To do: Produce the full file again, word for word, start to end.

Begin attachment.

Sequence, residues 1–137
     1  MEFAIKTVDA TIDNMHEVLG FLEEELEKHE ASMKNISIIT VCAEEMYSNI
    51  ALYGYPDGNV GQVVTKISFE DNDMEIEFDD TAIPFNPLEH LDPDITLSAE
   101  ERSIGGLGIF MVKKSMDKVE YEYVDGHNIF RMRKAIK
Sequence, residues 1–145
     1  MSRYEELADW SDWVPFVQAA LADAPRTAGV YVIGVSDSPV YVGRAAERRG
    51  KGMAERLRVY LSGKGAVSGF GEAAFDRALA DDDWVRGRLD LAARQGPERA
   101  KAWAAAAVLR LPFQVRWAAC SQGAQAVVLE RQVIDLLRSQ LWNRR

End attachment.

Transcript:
Sequence, residues 1–137
     1  MEFAIKTVDA TIDNMHEVLG FLEEELEKHE ASMKNISIIT VCAEEMYSNI
    51  ALYGYPDGNV GQVVTKISFE DNDMEIEFDD TAIPFNPLEH LDPDITLSAE
   101  ERSIGGLGIF MVKKSMDKVE YEYVDGHNIF RMRKAIK
Sequence, residues 1–145
     1  MSRYEELADW SDWVPFVQAA LADAPRTAGV YVIGVSDSPV YVGRAAERRG
    51  KGMAERLRVY LSGKGAVSGF GEAAFDRALA DDDWVRGRLD LAARQGPERA
   101  KAWAAAAVLR LPFQVRWAAC SQGAQAVVLE RQVIDLLRSQ LWNRR